The Journey Begins
Most journeys along historic Route 66 begin in Chicago. Before white settlement, the Illinois or Illiniwek Nation, who lived in Illinois, consisted of several independent American Indian tribes that spoke a common language, had similar ways of life, and shared a large territory in the central Mississippi River valley, according to the Illinois State Museum. The Illinois called themselves “Inoca.”
Up until the 1800s, a number of Algonquian peoples lived in Illinois but today, Illinois is no longer the official home of any American Indian tribe. However, citizens of many tribal nations call Chicago home because Chicago was one of the five original cities chosen by the U.S. government to relocate American Indians in the 1950s. Today, more than 65,000 American Indians call the Chicago area home.
American Indian Center of Chicago
1630 W. Wilson Ave
Chicago, IL 60630
The influx of American Indians from all over the country to Chicago during relocation gave rise to the need for a common ground—a home away from home—for all the newcomers. In 1953, in response to the thousands of American Indians arriving in Chicago, a group got together and formed the American Indian Center (AIC).
The mission of the AIC-Chicago is the same today as it was in the beginning: “to promote fellowship among Indian people of all tribes living in metropolitan Chicago and to create bonds of understanding and communication between Indians and non-Indians in this city.” AIC-Chicago provides resources to aid in economic development, educational advancement, cultural enrichment, wellness and social services.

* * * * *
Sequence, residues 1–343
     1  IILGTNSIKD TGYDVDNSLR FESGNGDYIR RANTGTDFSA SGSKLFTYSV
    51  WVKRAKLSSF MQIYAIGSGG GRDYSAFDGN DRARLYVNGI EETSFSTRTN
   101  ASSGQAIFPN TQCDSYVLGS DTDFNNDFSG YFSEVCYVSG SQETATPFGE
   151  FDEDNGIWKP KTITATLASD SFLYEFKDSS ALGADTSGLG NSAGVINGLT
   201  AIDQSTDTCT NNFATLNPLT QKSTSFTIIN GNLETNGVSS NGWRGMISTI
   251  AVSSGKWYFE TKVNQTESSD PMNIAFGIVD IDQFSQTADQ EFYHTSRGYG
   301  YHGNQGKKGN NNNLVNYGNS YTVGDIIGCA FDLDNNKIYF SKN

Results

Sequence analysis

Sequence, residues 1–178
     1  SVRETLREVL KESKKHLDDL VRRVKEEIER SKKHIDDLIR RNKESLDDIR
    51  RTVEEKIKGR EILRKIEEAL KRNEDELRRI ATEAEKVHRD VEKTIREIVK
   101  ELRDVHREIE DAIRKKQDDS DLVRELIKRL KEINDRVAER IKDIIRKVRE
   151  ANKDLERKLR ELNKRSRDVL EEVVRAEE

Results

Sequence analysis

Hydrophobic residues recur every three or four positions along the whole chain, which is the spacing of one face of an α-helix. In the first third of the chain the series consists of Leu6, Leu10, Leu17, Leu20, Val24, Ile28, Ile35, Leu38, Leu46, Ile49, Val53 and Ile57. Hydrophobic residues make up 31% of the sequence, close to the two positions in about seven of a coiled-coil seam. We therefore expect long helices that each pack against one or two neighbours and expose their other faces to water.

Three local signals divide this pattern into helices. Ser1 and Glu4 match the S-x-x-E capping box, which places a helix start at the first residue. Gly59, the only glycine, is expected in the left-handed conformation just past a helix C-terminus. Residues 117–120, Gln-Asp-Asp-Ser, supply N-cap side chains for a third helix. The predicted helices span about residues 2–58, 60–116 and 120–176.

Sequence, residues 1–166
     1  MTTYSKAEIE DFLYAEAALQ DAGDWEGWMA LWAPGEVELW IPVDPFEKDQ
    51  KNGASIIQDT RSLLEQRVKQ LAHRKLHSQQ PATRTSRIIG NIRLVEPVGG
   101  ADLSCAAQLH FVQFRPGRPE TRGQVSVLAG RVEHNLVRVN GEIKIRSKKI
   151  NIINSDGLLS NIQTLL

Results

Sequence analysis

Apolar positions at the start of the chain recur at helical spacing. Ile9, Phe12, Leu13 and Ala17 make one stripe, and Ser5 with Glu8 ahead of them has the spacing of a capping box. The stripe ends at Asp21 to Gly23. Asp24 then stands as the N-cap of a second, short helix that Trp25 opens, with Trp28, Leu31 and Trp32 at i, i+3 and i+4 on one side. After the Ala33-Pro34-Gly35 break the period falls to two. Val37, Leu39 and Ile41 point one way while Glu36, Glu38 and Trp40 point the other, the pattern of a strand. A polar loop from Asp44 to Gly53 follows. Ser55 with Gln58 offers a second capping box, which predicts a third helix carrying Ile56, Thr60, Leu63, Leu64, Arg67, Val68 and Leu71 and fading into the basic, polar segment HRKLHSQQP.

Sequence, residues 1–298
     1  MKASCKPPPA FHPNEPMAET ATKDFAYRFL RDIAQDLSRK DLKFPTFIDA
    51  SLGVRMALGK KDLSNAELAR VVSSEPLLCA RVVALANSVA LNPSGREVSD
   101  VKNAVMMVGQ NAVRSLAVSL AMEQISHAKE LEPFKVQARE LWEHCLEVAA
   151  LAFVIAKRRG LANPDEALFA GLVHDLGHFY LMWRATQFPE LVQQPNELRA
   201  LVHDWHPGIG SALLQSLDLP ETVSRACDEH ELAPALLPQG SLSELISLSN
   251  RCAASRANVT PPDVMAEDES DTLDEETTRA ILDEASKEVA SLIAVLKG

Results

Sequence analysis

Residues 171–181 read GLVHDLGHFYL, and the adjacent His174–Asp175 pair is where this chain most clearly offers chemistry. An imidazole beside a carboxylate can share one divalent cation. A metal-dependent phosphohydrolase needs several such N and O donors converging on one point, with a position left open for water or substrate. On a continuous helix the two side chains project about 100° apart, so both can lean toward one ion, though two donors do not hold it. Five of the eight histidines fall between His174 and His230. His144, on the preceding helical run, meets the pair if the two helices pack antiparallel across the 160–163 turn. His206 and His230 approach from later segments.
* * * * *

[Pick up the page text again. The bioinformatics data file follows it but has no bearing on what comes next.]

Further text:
American Indian Association of Illinois
Chicago Indian Museum Without Walls
5751 N. Richmond
Chicago, IL 60659
Mitchell Museum of the American Indian
3001 Central Street
Evanston, IL 60201
Trickster Art Gallery
190 S Roselle Rd.
Schaumburg IL 60193
Annual American Indian Center Powwow
Busse Woods Forest Preserve
536 N Harlem Ave
River Forest, IL 60305
Indian Relocation Act
The Indian Relocation Act of 1956 was enacted to entice American Indians to move from Indian reservations and assimilate into major U.S. cities by offering vocational skill training. Relocation had been first initiated by the federal government in 1952. Relocation offices were established in seven major cities—including Chicago at the east end of Route 66 and Los Angeles at the west.
In southern Illinois, near Collinsville, just outside of St. Louis, Missouri, Route 66 passes through the remains of one of the greatest indigenous cities of the Americas—Cahokia. Cahokia was larger than London in AD 1250.
For more information visit www.cahokiamounds.org